Bad news in the Middle East is rarely good news for the stock market, and the rising tensions in Iraq were one of the primary factors pulling down stocks on Thursday. While it's too early to tell whether the long-term impact of the Iraqi situation will have global economic impacts, the kneejerk reactions in the energy market raised near-term concerns about whether a market that many see as already overvalued can continue to climb. Helping to sour the mood of investors today were Organovo Holdings (NASDAQ:ONVO), lululemon athletica (NASDAQ:LULU), and Ariad Pharmaceuticals (NASDAQ: ARIA), each of which fell sharply today.
Organovo Holdings dropped 7% after the 3-D bio-printing specialist issued its full-year financial report for fiscal 2014. The numbers showed a big jump in expenses, ranging from research and development to general overhead costs. Those figures made investors nervous that a further round of potentially dilutive secondary stock offerings might be necessary at some point in the not-so-distant future. Few investors dispute the potential that Organovo has to revolutionize the way that transplants and implants are done, but it's unclear whether Organovo's success will come soon enough to reward early investors sufficiently for their loyalty.
lululemon athletica plunged 16% as the yoga-apparel retailer once again disappointed investors with its quarterly results. Even though Lululemon said it would buy back $450 million of its shares, the company's fiscal first-quarter profit dropped 60%. Same-store sales rose 1% for the quarter, but Lululemon said that it expects a reversal in comps in the current quarter, with percentage declines in the low- to mid-single digits. In addition, reduction in Lululemon's full-year guidance by 5% to 7% didn't do anything to dispel fears that the worst could still be yet to come for the yoga retailer. With customers not having reestablished their loyalty to Lululemon after the now-infamous yoga-pant fiasco, competitors have taken full advantage, and Lululemon might not be able to win those defectors back to its cause.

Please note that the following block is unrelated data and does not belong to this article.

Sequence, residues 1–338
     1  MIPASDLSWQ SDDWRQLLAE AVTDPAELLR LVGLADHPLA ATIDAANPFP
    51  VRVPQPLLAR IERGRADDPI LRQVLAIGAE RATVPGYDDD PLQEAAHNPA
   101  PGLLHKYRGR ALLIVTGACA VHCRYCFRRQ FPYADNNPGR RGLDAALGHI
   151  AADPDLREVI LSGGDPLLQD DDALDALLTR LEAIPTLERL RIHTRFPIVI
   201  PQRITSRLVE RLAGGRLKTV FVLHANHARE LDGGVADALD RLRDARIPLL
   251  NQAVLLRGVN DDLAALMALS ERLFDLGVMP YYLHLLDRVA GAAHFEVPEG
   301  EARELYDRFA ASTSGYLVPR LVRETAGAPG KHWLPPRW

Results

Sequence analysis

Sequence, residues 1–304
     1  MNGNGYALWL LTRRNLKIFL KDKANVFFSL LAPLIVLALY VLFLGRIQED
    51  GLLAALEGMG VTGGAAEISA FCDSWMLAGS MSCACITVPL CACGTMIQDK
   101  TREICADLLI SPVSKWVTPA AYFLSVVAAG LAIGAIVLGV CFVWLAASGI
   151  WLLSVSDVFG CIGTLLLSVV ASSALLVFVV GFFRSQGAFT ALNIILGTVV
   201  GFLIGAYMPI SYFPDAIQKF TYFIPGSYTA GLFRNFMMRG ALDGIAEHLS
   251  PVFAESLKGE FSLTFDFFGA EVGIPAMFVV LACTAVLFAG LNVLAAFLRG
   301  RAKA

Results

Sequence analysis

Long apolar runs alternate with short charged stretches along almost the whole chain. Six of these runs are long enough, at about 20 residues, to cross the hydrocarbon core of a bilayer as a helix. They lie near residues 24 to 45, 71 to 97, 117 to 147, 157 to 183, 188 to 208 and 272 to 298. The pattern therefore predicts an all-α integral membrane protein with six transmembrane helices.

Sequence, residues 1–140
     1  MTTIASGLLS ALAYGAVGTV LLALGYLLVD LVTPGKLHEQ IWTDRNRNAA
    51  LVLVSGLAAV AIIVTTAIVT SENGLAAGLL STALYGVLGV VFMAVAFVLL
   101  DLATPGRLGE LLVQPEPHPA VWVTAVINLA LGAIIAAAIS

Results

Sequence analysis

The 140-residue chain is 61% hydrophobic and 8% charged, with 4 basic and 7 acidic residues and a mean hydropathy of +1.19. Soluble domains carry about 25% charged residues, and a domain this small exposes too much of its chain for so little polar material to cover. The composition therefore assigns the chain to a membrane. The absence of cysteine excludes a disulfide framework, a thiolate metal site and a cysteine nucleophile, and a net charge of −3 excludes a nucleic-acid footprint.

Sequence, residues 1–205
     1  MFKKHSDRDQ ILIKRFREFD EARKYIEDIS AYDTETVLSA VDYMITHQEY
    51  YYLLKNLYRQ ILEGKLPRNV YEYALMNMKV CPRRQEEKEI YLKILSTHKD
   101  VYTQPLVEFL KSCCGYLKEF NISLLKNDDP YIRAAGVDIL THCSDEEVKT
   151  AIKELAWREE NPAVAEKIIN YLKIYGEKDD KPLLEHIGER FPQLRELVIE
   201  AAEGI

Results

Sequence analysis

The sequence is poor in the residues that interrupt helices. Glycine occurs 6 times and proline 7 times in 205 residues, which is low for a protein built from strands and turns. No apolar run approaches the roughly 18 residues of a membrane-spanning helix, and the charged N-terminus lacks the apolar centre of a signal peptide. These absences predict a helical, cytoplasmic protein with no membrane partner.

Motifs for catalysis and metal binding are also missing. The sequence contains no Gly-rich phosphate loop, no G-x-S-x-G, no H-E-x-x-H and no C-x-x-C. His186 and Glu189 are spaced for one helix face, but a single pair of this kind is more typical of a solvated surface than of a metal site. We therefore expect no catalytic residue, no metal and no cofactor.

Ariad Pharmaceuticals fell 9% after the company priced an offering of convertible senior notes. To raise capital, Ariad offered $200 million in notes paying 3.625% and allowing bondholders to convert their notes into shares at a price of $12 per share. That's well above the current share price, limiting the potential dilution to existing shareholders. Nevertheless, for those investors who believe that Ariad has huge upside potential, having convertible noteholders share in their long-term profits isn't the ideal result.